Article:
DD(Dad’s Diary)58

This blog is a reflection on one of the most interesting Deployments , was On The USS-Merrill(DD 976) , we sailed on the Pacific Ocean , which had many neat Asian Ports , but in order the circle the globe , we used the Persian Gulf , we were in the area in 1988 when the USA had enough of the terrorist using abandoned oil platforms as a base from which they attacked passing ships , more importantly petroleum tankers carrying gas through the area. So The USA lead “Operation Praying Mantis” was used to crush that threat. Many American Forces , and Foreign Allies launched an attack. And an Iranian-Gunboat fired on one of the US Navy Ships , which was not a real good idea , as The Gun Boat was unable to go any more harm! The entire Group of Ships were awarded the Combat Action Ribbon , and many other awards that I’ll cover in future blogs. Our helicopter had no role , so it was stowed in the Hangar. We were kept down below until it was all over. So there was nothing to see here , and besides being on the deck during the Operation would have been dangerous

DD(Dad’s Diary) 57

a continuation of my last blog…The 2 ShipsI deployed on in the Western-Pacific each had their own DeSalination Plant , to make fresh water from the salty sea water, so I have to wonder why the states don’t do the same? But that is just an aside! So when the system on the Ship was down or inoperative we had to conserve or do without! The only convenient time was in rough-seas in a storm. Fortunately storms were rare , but when mother nature  stirred up the ocean , we didn’t fly (as the flight deck was a bit unstable) and the salt spray was more severe than usual , so we kept it tied down in the hangar . But when the helicopter was in the hangar , the rotor blades were folded for storage , so none of the flight controls could be operated , as any control stick or pedal had a direct connection to the rotors and tail. And any change in the flaps on the blades  was very dangerous to the blades. So when it was stowed in the hangar , The control sticks and pedals were locked to prevent use or damage. More next time…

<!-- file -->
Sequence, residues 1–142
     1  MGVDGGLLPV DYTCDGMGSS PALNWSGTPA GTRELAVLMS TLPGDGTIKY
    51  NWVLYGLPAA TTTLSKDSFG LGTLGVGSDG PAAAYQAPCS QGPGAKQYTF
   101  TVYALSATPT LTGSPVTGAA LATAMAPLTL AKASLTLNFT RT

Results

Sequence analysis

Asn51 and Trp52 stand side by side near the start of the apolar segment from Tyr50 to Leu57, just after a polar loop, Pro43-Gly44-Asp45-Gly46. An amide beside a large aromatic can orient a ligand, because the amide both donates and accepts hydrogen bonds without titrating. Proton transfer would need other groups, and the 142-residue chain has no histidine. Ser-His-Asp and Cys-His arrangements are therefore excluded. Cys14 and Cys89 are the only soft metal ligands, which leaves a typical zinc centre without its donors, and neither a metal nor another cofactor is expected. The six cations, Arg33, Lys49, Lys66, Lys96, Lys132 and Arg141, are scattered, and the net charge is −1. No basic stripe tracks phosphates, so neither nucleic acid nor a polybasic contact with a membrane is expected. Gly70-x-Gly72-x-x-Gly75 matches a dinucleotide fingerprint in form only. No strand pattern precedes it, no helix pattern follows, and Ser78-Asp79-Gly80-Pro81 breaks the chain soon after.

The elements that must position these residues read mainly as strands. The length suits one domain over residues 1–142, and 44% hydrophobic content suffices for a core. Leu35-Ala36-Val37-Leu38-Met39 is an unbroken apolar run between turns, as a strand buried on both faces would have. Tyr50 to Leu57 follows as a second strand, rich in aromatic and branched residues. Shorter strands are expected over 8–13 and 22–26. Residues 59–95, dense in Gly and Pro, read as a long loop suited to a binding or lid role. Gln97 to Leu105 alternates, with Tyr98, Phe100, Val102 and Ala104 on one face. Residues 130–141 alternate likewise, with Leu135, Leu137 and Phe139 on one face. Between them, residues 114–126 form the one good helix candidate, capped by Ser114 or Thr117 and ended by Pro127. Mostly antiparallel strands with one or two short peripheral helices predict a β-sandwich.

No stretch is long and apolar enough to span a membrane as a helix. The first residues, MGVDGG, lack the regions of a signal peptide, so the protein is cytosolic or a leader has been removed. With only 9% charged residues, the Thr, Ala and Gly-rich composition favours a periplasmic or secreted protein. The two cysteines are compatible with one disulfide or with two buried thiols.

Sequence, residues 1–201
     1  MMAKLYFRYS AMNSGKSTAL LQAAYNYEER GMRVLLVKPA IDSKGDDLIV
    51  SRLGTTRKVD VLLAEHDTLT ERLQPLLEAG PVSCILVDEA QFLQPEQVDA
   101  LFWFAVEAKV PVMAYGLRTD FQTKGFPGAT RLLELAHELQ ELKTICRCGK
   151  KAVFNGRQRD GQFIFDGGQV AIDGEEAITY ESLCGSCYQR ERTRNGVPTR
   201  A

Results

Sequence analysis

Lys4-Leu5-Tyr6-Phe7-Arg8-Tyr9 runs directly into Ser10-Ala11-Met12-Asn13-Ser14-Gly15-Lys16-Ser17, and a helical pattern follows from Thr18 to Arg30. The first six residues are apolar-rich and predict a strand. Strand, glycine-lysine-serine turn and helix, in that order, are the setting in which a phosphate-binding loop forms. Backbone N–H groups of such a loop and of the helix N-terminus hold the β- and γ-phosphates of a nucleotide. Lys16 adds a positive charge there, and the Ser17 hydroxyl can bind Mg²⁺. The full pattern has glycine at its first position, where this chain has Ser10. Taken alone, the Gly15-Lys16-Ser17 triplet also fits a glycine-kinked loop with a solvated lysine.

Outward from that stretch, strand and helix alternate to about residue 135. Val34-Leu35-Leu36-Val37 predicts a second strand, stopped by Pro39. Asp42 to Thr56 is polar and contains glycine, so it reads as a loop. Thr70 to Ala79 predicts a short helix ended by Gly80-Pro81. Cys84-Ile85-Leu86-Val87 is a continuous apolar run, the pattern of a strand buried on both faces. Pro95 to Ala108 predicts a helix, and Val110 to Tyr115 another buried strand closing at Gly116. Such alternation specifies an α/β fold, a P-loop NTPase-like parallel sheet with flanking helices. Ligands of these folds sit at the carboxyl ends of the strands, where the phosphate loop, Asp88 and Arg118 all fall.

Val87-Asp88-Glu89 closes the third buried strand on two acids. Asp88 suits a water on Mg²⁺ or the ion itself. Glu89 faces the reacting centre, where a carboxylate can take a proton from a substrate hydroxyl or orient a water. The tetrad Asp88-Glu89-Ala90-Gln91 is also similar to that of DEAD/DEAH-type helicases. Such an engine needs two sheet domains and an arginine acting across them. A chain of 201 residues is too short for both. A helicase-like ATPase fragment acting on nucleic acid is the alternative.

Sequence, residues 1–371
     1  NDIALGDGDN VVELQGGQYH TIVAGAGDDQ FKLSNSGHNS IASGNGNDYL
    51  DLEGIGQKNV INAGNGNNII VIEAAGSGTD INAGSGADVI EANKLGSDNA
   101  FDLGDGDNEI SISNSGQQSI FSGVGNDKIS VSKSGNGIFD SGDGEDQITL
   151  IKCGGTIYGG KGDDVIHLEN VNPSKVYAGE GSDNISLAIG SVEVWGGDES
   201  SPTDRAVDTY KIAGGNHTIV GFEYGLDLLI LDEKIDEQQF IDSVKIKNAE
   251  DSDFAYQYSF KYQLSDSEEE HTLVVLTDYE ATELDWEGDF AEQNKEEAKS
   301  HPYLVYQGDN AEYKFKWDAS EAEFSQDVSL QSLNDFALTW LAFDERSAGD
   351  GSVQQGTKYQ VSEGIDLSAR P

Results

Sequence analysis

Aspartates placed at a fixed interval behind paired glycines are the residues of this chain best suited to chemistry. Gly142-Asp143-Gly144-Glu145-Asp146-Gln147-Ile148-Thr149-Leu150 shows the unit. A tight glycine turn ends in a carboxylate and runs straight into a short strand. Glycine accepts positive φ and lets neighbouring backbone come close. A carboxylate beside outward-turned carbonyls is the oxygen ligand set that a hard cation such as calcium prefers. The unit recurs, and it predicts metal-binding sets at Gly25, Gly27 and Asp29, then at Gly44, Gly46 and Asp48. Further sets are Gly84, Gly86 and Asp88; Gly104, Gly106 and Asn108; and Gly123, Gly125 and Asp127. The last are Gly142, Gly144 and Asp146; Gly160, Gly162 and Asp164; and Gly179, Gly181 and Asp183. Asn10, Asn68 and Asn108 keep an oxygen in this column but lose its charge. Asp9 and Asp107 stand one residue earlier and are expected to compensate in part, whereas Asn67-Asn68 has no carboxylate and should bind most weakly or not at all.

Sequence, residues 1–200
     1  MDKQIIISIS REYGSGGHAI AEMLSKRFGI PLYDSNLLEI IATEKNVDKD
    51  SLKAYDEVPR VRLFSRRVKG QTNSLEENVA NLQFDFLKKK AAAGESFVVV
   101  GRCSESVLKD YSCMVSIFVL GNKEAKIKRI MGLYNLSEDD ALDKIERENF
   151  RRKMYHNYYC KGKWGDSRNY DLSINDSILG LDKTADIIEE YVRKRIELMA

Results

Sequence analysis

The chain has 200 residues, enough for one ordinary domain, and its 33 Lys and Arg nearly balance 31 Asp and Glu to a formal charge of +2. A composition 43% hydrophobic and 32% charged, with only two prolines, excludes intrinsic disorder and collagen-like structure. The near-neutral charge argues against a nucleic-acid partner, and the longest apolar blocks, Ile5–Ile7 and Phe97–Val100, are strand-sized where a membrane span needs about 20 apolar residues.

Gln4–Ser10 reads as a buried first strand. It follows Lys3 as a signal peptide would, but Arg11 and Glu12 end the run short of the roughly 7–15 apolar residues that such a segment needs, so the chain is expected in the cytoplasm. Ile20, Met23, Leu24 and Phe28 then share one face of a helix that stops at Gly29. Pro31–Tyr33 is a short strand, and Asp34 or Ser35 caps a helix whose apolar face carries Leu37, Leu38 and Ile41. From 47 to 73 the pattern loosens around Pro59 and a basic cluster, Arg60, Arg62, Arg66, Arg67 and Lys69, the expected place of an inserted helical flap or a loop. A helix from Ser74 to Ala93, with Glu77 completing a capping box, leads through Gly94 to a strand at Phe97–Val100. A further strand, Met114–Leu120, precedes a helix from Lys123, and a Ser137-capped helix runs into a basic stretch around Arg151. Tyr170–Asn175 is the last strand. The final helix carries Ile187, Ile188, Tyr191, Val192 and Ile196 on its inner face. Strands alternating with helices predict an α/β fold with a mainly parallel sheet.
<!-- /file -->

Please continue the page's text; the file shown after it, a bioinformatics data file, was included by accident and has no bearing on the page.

DD(Dad’s Diary) 56

This just a continuation of my last post , Duty at HSL-35 on the H-2 helicopter was an adventure for sure. I deployed for 9 months each time. First on a destroyer , then on a frigate. The H-2 was housed on a small flight-pad on the back of the ship. The salt-spray from the ocean was very corrosive by itself , but the rotor wash stirred it up even more. So we kept a coating of an oil-based spray to coat the aircraft and components (had to be good enough when we had no water!). We rinsed it off after flight , but the ship made their own water , so when we had to conserve when the system was down , and we also stored in a tiny hangar to shelter it from the elements. Not to get overly technical , the salt water acts as a good conductor of electricity , and speeds up the damage that rust can cause , and when the seas were calm ( as they are most days) we left it out on the flight deck , and when it stormed we housed it in the hangar.
This is sure to be more than 1 part , so more to come…